The Long Road Home: A Story of War and Family
The storm after the calm
By Steven Martinovich
As American soldiers are learning once again, urban combat may be the most difficult kind to prosecute. The enemy is capable of blending in with the civilian population at ease, receives local aid and support, and knows the terrain intimately. The awesome firepower that conventional forces can bring to bear is often useless because of fears of collateral casualties. Worse, those conventional forces never know when a calm and stable situation can erupt into a massive battle.
In the months after the cessation of large-scale hostilities in Iraq, Sadr City was largely calm thanks to its Shiite population. Long suffering under the Sunni-dominated Saddam Hussein régime, the Shia were tolerant -- if not exactly welcoming -- of the American presence. Behind the calm facade, however, is an army led by renegade cleric Moqtada al-Sadr ready to explode.
It is that explosion which is the central focus of Martha Raddatz's extraordinary The Long Road Home: A Story of War and Family. In the vein of predecessors like Blackhawk Down and In the Company of Soldiers: A Chronicle of Combat in Iraq, The Long Road Home tells the story of that bloody battle from the soldier's perspective. Unlike many other recent efforts, however, she weaves into her central story the thread how the families back home reacted to the deployment, the subsequent battle and the awful aftermath.
As Raddatz relates, the battle began on April 4, 2004 when a routine Army patrol was ambushed by hundreds of Mahdi Army militiamen. Taking refuge in an family residence, the platoon comes under ferocious assault by men, women and even children armed with assault rifles, grenades and RPGs. Realizing that they are trapped, the platoon radios back to base that it needs reinforcements if it is to extract itself from the killing zone it finds itself in. Unfortunately for them, and the soldiers sent to rescue them, the uprising is far larger than the Americans realize.
A relief column that rolls out of Camp War Eagle soon finds itself in similar straits when they too are ambushed by what seem to be thousands of militiamen and civilians. Men who had never seen combat before suddenly find themselves firing at "peekers" -- militiamen who poke their heads up briefly to take a shot before taking cover -- and civilians who place themselves between the Americans and the Mahdi Army. Very quickly the rescuers are also taking heavy casualties.
Raddatz admirably leaves politics out of The Long Road Home but her account of the equipment the 1st Cavalry Division brings into battle is editorializing enough. Believing they are engaging in a peacekeeping operation, the initial platoon and their rescuers enter into battle in lightly armoured Humvees and canvassed covered troop transports. Only a few Bradley Fighting Vehicles are available and the only heavy armour is an M1A1 tank platoon across the city. The soldiers would have been scarcely less protected had they simply walked into Sadr City. Moreover, the city streets – which have been turned into weapons against the soldiers -- are confusing for the Americans and units often find themselves out of contact with each other.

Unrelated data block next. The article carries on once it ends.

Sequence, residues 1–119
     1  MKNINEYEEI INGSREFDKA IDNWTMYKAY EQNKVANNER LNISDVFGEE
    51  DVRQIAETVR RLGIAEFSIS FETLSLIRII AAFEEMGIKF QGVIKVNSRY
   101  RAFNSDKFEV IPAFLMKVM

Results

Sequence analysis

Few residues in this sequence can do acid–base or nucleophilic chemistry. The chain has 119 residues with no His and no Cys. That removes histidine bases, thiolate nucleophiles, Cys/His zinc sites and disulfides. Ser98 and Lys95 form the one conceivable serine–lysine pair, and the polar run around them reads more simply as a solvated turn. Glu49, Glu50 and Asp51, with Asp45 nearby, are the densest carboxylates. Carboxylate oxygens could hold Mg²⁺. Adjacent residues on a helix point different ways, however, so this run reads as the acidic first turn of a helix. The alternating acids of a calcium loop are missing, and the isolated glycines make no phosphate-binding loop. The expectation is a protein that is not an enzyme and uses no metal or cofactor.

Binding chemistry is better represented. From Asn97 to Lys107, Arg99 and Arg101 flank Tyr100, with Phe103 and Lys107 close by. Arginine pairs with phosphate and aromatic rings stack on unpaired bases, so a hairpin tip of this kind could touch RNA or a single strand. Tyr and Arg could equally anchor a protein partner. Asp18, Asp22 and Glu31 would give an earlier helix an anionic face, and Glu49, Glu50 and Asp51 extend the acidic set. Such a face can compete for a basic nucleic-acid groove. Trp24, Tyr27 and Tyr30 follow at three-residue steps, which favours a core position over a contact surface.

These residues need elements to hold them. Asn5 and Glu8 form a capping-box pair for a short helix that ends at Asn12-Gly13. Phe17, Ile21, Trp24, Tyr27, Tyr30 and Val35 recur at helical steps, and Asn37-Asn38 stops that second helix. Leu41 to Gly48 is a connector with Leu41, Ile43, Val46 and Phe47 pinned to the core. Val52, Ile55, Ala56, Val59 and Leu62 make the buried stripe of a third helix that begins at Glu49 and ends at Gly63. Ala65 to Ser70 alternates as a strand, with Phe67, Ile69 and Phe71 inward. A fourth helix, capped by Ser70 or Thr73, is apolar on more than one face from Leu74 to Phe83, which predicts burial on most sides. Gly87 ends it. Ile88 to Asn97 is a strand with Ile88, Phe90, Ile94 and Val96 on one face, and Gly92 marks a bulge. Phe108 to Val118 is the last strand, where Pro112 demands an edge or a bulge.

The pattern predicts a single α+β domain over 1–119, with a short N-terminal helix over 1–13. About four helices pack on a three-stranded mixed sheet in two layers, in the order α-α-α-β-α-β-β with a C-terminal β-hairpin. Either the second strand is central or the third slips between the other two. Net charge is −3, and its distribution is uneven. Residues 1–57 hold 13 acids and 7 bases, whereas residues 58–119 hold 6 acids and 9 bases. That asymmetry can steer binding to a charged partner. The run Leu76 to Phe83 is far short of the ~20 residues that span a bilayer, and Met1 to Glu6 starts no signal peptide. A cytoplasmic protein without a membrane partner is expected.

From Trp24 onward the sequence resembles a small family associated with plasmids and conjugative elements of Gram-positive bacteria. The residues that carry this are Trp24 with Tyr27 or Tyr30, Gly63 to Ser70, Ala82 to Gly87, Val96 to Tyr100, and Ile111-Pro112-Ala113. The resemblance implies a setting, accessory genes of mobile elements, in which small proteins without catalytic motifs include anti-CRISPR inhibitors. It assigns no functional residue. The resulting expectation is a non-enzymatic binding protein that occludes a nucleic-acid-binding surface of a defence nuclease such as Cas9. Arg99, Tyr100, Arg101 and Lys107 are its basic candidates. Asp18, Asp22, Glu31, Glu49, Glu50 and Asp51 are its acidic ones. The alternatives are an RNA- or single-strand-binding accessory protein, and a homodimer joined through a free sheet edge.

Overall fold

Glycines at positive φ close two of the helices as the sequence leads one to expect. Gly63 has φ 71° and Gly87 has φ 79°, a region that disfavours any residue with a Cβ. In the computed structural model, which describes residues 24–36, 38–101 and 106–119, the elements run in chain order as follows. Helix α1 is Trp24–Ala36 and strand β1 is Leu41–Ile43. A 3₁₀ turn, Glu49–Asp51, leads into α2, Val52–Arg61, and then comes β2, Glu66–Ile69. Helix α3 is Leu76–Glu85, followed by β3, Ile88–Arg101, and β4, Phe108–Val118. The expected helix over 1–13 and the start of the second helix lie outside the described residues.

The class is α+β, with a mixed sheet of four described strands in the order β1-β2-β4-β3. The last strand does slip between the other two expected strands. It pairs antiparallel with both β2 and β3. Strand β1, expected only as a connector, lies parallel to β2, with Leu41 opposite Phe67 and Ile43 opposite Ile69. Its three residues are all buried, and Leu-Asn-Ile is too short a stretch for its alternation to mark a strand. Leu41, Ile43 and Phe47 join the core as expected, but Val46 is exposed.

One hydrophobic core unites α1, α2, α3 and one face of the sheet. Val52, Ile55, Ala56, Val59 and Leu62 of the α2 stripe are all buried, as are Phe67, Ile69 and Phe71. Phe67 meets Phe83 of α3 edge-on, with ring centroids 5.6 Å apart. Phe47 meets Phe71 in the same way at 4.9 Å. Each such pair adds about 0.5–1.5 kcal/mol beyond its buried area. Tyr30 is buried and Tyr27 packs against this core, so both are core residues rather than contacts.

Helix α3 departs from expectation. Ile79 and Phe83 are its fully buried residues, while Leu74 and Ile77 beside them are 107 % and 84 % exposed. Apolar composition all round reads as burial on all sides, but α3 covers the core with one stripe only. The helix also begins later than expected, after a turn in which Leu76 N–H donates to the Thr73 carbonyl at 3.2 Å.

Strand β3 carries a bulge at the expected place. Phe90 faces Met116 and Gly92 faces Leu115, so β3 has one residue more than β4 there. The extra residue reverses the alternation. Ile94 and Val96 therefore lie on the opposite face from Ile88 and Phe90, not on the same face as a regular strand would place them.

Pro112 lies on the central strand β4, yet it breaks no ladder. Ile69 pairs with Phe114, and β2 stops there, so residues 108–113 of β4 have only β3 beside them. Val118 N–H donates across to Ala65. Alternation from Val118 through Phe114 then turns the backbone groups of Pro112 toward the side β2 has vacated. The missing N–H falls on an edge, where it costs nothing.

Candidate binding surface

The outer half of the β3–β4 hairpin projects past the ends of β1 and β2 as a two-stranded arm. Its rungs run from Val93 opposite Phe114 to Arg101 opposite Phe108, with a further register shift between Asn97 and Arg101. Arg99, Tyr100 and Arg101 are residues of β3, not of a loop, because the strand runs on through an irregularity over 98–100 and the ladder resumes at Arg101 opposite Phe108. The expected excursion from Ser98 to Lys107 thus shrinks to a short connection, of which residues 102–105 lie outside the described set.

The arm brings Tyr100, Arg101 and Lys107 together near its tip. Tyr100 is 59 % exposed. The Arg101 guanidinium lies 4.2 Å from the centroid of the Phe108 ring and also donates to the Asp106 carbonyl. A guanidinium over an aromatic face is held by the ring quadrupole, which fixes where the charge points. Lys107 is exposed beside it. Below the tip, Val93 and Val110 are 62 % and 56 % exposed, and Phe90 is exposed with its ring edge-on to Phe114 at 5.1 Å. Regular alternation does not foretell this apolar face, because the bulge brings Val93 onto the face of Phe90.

Even the presence of anti-war activist Cindy Sheehan doesn't politicize the book as much as a reader would expect. Her son, Casey Sheehan, was one of the men who died during the first night's fighting in Sadr City after he volunteered to take another soldier's place. Her pain is no less than that of the other families that Raddatz profiles. The anxious moments the other families live through, waiting to hear if their fathers, brothers and sons made it out alive doesn't carry agenda, they merely communicate the human cost of war.
The rescue column eventually manages to extract itself from the fighting but the patrol found itself waiting – and fighting -- for hours until a tank platoon pounds its way through Sadr City's streets to their position and evacuates them back to base. The final toll of that day saw eight men killed and over 60 casualties, the highest single day total for the First Calvary Division since Vietnam. They would eventually lose 168 soldiers over the year putting down the uprising in Sadr City and another later in Najaf.
The Long Road Home isn't the first book to present the story of soldiers in Iraq from their own perspective. The initial ground war spawned a minor subgenre of its own doing just that. It is, however, unique in how it seamlessly melds the violent fight on the streets of Sadr City with poignant stories from back home. Raddatz reveals the closeness and camaraderie not just of the band of brothers in Iraq, but the band of family and friends who support each and their soldiers. For those of us who have never seen combat or waited to hear whether one of our own was in harm's way, The Long Road Home is a profound and gripping story.
Steven Martinovich is a freelance writer in Sudbury, Ontario, Canada.
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